- Efdemin uses old experimental instruments to create striking new sounds.
- Monophonie debuted as a performance in Berlin back in 2017. It was the beginning of Phillip Sollmann's journey to combine the avant-garde and Neue Musik with techno. Last year, Sollmann (AKA Efdemin) completed that mission with New Atlantis, and now the recorded version of Monophonie offers a look at the experimentation that went into it. Monophonie is a worthy document on its own. While it's an anomaly in Sollmann's catalogue, it carries his spirit of meditative and compositional elegance as well as any Efdemin record.
For Monophonie, Sollmann used an assortment of instruments from scientists and sound artists like Harry Bertoia, Harry Partch and the German physicist Hermann von Helmholtz, whose work was essential not only in creating previously unheard sounds but also understanding how tones and resonances work. All three artists made acoustic devices that created otherworldly sounds—instruments that made microtones, hums and braying reverberations instead of notes.
The sturdy backbone of techno and the droning beat of Krautrock inform Monophonie and the instruments more than fit the bill. Tracks like "Rara," with its heavy drum beat and wobbly notes, might fool you for a straight-up techno track. Monophonie is at its best when it's trying to be nothing but itself: purely new, unprecedented, joyous music. The contradiction of the LP is that it uses extremely old instruments to make music that feels exceptionally novel. The staccato chirping and hurdy-gurdy like tones of "Motor"—the album's 11-minute centrepiece—are familiar, but the way they come together into one gorgeous hum before disintegrating into discrete Reichian patterns is breathtaking. Other tracks, like "Stutter," have a melodic tenderness and meditative pace that might remind you of Shackleton with their mix of shiny modernity and esoteric, ritualistic undertones.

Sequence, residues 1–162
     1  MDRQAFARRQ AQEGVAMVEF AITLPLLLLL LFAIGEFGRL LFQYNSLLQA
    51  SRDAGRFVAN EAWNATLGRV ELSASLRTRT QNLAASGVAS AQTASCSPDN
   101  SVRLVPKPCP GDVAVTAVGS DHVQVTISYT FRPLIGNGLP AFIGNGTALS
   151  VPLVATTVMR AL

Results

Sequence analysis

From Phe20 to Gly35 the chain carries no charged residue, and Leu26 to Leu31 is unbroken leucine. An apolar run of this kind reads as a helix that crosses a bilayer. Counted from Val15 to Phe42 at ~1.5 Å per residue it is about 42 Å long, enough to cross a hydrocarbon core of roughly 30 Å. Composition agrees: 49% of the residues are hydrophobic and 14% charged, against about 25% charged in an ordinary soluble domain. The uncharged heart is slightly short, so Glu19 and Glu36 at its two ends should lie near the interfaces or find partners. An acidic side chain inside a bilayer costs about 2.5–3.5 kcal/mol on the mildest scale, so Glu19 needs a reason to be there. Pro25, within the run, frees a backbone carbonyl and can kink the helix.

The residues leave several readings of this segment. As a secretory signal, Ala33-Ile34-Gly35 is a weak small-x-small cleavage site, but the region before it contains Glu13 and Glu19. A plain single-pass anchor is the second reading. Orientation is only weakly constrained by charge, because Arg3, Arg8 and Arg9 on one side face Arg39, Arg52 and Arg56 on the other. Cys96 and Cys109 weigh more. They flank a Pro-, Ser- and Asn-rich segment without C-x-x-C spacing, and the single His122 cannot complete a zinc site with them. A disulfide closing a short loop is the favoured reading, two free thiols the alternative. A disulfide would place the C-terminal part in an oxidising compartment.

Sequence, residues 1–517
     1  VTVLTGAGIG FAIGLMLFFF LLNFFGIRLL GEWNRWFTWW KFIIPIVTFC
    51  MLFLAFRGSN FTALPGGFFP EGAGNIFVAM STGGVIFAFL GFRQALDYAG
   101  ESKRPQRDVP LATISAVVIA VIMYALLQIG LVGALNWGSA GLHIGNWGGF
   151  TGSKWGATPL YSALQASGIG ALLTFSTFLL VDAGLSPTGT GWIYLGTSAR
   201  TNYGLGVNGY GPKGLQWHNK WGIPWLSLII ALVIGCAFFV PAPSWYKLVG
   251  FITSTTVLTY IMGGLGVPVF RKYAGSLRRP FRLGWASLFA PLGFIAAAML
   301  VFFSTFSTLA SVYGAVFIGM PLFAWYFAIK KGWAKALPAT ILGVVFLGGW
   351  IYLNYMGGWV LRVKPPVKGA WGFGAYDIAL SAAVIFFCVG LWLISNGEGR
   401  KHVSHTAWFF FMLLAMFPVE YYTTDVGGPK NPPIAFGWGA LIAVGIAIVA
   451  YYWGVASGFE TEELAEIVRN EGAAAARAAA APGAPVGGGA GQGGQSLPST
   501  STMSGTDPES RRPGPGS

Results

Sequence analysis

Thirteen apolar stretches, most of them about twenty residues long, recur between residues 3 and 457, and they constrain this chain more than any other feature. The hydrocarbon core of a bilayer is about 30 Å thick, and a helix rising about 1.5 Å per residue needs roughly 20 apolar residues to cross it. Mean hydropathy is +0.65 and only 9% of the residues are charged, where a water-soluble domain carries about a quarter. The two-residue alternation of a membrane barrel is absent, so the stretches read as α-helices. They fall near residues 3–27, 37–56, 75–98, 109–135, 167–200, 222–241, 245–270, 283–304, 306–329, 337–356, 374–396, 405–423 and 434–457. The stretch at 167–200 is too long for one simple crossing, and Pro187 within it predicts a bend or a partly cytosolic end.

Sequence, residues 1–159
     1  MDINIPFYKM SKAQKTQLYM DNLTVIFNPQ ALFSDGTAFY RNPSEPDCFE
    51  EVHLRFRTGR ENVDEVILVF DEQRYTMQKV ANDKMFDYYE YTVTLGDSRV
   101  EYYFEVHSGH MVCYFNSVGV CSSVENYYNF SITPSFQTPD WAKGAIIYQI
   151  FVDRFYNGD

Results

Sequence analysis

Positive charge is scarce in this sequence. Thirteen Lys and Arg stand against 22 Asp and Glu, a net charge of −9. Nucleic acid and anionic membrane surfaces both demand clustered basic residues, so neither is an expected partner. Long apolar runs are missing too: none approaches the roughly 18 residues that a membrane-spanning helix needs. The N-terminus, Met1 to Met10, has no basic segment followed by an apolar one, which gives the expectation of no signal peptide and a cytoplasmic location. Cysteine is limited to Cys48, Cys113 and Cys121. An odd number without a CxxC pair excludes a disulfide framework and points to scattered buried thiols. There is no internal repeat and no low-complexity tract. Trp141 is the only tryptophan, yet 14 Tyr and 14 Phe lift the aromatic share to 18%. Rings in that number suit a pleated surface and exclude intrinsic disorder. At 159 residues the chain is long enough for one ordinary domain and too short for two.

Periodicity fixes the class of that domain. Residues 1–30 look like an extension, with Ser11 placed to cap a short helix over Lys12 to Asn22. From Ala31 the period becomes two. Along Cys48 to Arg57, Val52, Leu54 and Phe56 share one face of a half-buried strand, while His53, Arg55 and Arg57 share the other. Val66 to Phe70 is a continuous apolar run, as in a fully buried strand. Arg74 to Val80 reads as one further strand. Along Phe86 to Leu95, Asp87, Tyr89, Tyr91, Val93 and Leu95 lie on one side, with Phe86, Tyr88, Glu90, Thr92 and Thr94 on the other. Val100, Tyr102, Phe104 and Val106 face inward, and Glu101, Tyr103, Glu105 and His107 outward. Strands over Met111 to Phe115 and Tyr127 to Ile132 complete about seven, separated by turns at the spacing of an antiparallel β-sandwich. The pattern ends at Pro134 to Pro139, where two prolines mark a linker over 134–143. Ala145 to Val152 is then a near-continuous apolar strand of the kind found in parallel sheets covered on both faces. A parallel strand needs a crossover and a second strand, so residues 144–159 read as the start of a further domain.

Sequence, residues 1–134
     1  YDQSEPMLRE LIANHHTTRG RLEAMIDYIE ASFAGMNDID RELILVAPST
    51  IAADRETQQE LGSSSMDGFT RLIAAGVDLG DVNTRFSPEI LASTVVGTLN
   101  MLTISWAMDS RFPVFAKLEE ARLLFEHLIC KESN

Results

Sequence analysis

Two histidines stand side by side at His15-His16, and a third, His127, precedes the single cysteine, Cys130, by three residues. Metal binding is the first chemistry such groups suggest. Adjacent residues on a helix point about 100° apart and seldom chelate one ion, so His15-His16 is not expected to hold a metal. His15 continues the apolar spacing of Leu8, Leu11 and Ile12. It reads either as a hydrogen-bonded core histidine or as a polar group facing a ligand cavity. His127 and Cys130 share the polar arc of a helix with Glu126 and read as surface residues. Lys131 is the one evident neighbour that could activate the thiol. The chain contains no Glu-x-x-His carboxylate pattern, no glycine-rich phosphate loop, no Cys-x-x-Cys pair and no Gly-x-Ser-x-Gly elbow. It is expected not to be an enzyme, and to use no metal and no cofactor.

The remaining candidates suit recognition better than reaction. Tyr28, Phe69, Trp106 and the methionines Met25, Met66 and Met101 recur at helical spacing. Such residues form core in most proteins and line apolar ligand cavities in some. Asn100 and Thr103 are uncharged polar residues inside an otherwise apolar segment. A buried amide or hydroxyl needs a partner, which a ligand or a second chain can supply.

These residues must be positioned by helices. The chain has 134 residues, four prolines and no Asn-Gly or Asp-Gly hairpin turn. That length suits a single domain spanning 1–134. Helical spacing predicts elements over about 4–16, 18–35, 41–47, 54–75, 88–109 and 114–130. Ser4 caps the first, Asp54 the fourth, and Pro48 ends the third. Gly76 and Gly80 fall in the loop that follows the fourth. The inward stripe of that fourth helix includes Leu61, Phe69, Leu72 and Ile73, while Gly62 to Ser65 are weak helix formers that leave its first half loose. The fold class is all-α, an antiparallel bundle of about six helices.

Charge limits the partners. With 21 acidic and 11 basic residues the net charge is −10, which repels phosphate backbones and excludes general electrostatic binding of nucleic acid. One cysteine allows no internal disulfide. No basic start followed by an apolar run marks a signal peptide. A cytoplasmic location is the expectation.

Monophonie is a peek under the hood, an essential part of understanding what goes into Efdemin's timeless, constantly improving style of techno. Rather than techno going academic or avant-garde, this is Sollmann forging new music using old, visionary instruments whose potential still remains untapped. It doesn't fit into any mould. If there's anything more techno than that, well, I haven't heard it.
08. U / O